By Jeff Crane, P.E., LEED® AP
Published in the January 2005 issue of Today’s Facility Manager
It has been a while since we spent any quality time together, so I wanted to write and let you know that I’m still here. I trust you thought of me last fall during budget season, although sometimes I wonder if you really appreciate me. Everyday I work for you, quietly and consistently, and you never even come to vist me. Why do you look confused? Don’t you remember me? I am your data center.
I’veheard some of your pals refer to me as your “server room,” “phonecloset,” or “IT resource room.” I have even heard you call me “criticalfacilities,” but do you really mean it? I know you like to think thatthe IT folks take care of me, but we both know that they only careabout my brains. But the servers, phone equipment, and voice/datacables are only half of the story. Without my guts-power and cooling-mybrains would die a painful death.
Since you haven’t checked on me in a while, youmust assume everything is fine. Isn’t that how you humans think? Well,I might be fine today, but if I were you, I would be concerned abouttomorrow. If you want to ramp up that processor you call a brain andpay a little attention to me, you might want to consider the followingand make sure we’re as reliable as we should be.
1. How healthy is my uninterruptible power supply (UPS)?
- When was the last time we ran under load?
- When was the last time my batteries were tested?
- How many minutes can I run if the power goes out? Is that enough time?
- Has anyone connected laser printers or other inappropriate loads to the UPS since my initial design and installation?
2. Are my generators in good shape?
- How frequently are you exercising my generators? Is that more orless than the manufacturer suggests for our location/application?
- How much fuel is in my tanks? How old is it? Do you use any additives to prevent fouling and clogging in my fuel filters?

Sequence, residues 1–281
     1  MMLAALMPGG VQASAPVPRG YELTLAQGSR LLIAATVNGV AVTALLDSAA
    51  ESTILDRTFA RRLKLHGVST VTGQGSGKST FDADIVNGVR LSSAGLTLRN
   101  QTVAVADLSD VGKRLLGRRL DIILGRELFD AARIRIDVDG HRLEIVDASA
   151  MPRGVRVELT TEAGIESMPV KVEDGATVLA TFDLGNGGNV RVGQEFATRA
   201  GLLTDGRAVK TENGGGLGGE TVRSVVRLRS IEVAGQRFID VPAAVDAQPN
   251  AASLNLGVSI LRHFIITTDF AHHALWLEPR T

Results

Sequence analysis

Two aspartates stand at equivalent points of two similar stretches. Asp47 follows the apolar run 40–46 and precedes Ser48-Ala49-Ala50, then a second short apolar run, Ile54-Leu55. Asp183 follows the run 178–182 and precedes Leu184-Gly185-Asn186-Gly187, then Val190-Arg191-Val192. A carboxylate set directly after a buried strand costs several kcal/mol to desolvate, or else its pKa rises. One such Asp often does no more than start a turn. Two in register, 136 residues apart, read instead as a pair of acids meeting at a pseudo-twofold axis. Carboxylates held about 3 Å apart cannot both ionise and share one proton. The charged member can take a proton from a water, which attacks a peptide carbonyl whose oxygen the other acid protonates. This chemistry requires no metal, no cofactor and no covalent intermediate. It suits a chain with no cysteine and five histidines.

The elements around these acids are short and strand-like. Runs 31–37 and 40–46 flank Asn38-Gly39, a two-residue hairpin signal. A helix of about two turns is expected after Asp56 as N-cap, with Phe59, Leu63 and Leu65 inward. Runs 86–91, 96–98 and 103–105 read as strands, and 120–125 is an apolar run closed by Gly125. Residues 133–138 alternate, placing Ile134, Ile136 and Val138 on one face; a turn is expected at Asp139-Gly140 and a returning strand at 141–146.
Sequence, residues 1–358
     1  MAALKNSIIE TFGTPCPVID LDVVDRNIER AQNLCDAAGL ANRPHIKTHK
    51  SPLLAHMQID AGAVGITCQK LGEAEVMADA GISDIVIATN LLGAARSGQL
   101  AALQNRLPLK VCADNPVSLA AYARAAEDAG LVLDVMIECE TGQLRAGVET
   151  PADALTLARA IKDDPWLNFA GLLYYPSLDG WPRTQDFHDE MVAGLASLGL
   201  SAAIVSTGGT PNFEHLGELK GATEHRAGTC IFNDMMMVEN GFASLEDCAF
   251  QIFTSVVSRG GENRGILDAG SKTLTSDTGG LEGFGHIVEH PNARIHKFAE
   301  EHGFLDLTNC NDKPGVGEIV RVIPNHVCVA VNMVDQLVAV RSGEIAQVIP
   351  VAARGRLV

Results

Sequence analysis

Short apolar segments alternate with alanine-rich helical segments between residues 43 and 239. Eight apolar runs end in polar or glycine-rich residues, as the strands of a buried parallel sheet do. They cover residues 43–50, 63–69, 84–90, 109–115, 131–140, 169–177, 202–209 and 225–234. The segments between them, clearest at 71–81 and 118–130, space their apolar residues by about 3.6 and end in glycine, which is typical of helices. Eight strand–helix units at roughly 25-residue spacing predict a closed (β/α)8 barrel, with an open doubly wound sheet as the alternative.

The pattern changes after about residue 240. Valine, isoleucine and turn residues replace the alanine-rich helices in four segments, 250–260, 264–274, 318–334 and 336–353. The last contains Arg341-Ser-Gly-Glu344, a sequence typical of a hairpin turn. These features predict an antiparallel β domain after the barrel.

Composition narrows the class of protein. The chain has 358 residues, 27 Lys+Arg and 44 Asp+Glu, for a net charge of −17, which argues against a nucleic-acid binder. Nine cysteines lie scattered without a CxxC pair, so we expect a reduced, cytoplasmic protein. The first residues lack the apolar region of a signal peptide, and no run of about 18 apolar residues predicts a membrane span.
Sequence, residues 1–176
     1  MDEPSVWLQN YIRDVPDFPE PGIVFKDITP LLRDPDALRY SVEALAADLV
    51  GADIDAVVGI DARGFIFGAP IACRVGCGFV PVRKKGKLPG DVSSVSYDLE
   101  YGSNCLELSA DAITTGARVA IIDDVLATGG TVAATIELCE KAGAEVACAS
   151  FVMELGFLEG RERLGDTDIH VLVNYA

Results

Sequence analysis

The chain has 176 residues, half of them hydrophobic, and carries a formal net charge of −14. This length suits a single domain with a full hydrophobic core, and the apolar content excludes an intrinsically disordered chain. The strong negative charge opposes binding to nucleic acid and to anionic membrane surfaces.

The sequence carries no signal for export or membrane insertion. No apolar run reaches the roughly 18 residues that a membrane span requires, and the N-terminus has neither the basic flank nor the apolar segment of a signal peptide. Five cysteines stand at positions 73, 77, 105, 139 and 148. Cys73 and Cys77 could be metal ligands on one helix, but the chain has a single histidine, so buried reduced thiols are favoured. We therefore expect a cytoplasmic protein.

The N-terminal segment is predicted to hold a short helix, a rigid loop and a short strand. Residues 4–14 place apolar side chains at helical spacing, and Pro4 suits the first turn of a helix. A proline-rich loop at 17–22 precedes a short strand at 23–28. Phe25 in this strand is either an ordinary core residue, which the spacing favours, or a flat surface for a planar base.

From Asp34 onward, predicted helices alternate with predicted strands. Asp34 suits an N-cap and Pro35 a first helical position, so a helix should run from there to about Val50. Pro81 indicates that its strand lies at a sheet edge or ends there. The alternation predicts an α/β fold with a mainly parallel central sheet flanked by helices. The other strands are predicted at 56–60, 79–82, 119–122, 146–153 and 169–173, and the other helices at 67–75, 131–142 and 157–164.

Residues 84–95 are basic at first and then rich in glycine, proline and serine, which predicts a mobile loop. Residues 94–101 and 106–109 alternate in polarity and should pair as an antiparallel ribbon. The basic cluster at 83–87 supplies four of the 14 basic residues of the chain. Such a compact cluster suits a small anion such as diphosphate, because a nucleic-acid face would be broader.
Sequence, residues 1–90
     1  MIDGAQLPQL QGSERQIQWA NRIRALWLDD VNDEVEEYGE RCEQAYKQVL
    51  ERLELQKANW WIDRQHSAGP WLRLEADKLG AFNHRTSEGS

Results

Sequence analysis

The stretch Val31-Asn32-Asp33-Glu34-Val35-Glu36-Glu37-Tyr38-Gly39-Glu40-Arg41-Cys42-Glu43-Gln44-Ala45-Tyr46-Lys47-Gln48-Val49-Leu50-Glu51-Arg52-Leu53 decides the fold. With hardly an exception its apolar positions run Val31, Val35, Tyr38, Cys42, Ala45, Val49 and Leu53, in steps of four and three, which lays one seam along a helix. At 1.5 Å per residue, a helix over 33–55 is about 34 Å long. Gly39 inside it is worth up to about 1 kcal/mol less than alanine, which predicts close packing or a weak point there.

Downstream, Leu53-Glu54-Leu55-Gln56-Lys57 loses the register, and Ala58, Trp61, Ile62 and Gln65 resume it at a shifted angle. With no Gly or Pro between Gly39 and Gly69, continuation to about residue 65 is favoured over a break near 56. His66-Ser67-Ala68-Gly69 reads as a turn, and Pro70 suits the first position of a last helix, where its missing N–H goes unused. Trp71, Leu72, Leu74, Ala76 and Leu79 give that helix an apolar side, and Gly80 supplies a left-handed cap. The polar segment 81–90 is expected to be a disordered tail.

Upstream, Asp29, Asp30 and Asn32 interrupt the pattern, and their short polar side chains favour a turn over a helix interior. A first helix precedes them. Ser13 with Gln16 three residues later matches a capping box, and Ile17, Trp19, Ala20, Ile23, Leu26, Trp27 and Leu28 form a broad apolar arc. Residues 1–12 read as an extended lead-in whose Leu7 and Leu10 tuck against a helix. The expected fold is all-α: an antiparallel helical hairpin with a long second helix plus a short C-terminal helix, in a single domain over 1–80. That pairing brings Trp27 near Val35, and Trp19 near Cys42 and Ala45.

- How long can my generators run on a full tank? Have you ever tried?
- When is the last time you performed preventive maintenance on mygenerators? What exactly was done? How often are you doing a full loadtest?
- What percent of rating is my connected load today? How has that changed since you installed these generators?
- What is the backup plan if my generators are down for an extended period? Do you have an open account with a 24/7 fuel supplier?
3. Are my cooling systems adequate?
- Are my cooling systems independent or are they connected to the main building systems?
- Are my cooling systems backed up by the generators?
- Do we have any evaporators or humidifiers hanging above myequipment racks? Should you install water protection under these units?
- How many cooling units do I have, and how much reserve capacity does that represent?
- Which of my cooling units can be out of order for maintenance(planned or not) and allow continued operations? Do your IT colleaguesunderstand these limitations?
4. Are we as secure as we need to be?
- Does my access control system monitor and track entry, exit, and alarms?
- Is our fire protection strategy adequate? Have I had appropriateinspections on my chemical systems? Do your facilities and IT staffmembers know how this stuff works and how to abort a false alarm?
- Do I have water alarms around my HVAC components and around myfloor drains? Do your people know where my floor drains are in case ofa water event? How often are my alarms actually tested?
- Do I need surveillance cameras?
5. Do we have good maintenance practices?
- Do you strictly limit maintenance operations to certain days or times?
- Do you routinely test my remote alarms to be sure they’ll call you if something fails over a holiday?
- Are your maintenance practices more or less comprehensive than the manufacturers recommended for my equipment?
- Do you know the IT team responsibilities during an emergency? Are there appropriate but clearly defined limits?
- Are you appropriately maintaining my service and inspection documentation? Where do you keep it?
I’m sorry if I sound like a nag, but sometimes I feel neglected. Thecleaning people never even come in and mop my floor or clean my supplyair diffusers. But I know you are different, because you actually careabout me.
I might not be as glamorous as that fancy lobby oras big as that asphalt parking lot, but without me, this businessgrinds to a screeching halt. And with my complex systems, it’s not aquestion of if something will go wrong, but when. Will you be prepared?If you want to talk again, you know where to find me.
Crane is a mechanical engineer and regional property manager with Childress Klein Properties, a leading real estate developer and property management services provider in the Southeast.
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Topic Tags: Childress Klein Properties